- The Washington Times - Sunday, January 12, 2020

Amid growing protests and anger in the streets of Iran, President Trump on Sunday delivered a blunt warning to the government in Tehran.

“To the leaders of Iran - DO NOT KILL YOUR PROTESTERS,” Mr. Trump said in a Sunday morning Twitter post. “Thousands have already been killed or imprisoned by you, and the World is watching. More importantly, the USA is watching. Turn your internet back on and let reporters roam free! Stop the killing of your great Iranian people!”

Protests across Iran grew on Sunday after the Iranian government was forced to admit that it accidentally shot down a Ukrainian airliner last week, killing all 176 people abroad and sparking outrage around the world. The shootdown came just after Iran launched ballistic missiles at U.S. military bases in Iraq, bringing Washington and Tehran to the brink of all-out war.

The demonstrations across Iran highlight how anger inside the country is now turning on the Iranian government itself. Leaders in Tehran first denied that they were responsible for the downing of the plane only to reverse course as the truth became clear.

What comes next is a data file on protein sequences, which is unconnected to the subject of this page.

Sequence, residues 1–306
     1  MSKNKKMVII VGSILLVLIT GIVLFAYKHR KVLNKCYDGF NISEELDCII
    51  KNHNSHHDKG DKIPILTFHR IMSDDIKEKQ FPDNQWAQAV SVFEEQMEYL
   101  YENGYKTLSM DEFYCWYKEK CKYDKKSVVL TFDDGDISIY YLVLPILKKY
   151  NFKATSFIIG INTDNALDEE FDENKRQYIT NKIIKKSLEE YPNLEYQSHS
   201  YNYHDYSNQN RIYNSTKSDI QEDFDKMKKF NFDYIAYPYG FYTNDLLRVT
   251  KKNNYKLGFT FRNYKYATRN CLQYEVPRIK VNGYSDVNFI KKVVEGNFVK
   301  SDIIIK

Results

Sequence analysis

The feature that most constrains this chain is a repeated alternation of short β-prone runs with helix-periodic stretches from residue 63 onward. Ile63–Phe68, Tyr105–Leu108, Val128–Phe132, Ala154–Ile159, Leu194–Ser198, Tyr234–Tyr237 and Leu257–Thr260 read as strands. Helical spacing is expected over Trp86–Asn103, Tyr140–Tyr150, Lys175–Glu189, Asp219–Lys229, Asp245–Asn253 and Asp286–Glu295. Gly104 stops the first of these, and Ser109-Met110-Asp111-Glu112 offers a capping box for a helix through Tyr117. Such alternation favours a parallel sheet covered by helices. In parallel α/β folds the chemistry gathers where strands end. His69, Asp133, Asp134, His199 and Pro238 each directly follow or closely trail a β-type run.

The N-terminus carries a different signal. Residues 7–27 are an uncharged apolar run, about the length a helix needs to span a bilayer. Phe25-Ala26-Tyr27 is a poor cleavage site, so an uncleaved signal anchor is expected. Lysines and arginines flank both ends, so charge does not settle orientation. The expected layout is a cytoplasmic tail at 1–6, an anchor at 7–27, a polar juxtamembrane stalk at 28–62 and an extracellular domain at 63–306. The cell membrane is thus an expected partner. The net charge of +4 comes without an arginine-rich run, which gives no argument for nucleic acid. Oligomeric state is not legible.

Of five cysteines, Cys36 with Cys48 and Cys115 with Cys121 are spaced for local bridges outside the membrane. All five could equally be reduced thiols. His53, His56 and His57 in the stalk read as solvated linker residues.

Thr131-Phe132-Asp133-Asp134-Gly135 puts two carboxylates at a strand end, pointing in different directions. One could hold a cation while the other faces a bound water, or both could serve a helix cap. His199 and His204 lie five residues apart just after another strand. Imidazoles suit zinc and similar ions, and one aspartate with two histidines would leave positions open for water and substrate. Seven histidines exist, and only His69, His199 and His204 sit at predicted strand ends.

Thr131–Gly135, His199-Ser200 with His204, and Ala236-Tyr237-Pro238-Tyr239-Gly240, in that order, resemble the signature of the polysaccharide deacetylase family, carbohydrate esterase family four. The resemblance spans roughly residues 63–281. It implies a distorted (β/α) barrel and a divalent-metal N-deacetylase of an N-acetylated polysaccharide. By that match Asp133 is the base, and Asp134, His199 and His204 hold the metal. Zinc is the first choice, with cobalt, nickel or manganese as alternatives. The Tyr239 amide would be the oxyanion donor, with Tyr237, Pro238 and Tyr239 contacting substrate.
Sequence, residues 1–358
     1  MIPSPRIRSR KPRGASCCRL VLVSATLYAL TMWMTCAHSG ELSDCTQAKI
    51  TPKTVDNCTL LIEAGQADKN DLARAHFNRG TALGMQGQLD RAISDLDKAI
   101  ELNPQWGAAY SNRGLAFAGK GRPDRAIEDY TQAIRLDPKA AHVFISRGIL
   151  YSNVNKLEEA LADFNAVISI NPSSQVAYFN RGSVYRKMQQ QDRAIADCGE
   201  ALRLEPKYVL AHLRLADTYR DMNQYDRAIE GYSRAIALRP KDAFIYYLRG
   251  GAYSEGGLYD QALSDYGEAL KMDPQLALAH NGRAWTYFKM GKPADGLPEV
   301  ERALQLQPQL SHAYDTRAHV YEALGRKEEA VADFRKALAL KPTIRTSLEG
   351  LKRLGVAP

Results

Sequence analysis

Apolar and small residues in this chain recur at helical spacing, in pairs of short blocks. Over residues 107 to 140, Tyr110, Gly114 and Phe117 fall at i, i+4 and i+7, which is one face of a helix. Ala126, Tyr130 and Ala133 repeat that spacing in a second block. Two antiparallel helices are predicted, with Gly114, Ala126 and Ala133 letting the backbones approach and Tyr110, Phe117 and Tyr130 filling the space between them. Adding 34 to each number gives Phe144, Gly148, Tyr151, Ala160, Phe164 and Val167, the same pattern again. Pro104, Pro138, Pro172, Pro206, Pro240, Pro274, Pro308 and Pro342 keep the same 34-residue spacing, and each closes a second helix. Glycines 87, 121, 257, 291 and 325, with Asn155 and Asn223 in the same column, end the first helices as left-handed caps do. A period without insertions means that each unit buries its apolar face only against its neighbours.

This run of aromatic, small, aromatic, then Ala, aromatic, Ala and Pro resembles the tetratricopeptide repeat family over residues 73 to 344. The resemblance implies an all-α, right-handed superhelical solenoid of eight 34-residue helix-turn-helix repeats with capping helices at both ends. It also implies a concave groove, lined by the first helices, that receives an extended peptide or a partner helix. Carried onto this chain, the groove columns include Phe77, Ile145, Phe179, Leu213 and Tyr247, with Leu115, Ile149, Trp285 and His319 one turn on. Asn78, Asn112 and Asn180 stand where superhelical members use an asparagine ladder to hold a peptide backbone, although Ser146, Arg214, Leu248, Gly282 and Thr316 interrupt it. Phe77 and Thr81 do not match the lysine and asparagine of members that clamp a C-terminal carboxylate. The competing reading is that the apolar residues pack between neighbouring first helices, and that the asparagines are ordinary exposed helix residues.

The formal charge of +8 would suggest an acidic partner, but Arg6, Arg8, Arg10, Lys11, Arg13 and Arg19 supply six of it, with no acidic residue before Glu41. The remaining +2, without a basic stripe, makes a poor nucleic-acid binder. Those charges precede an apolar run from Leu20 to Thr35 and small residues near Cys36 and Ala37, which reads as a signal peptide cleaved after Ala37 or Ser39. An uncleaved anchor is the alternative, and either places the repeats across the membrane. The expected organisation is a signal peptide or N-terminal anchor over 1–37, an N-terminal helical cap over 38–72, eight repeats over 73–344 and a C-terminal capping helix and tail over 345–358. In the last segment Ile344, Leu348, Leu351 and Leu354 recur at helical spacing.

“They are lying that our enemy is America, our enemy is right here,” a group of Iranian protesters shouted on Sunday during a demonstration in Tehran, according to Reuters.

Demonstrators also reportedly chanted “Death to the dictator,” referring to Iranian Supreme Leader Ayatollah Ali Khamenei.

SEE ALSO: Protests erupt after Iranian government admits shooting down airplane

Iranian leaders have apologized for the mistake and vowed that those responsible will be prosecuted.

Trump administration officials on Sunday reiterated that they’re willing to sit down with the Iranian government and negotiate for a permanent end to the country’s nuclear weapons program. At the same time, U.S. officials tried to capitalize on the growing protests and drive a wedge between the government in Tehran and Iranian citizens.

“They want the same things that most people around the world want. They want prosperity,” Defense Secretary Mark Esper told CBS’ “Face the Nation” program on Sunday. “They want the ability to live their lives, to raise their children. And we do support those same aspirations for people wherever they are. I just think you see a very corrupt regime that the Iranian people are finally standing up and trying to hold them accountable.”

• Ben Wolfgang can be reached at bwolfgang@washingtontimes.com.

Copyright © 2022 The Washington Times, LLC. Click here for reprint permission.

Please read our comment policy before commenting.

Click to Read More and View Comments

Click to Hide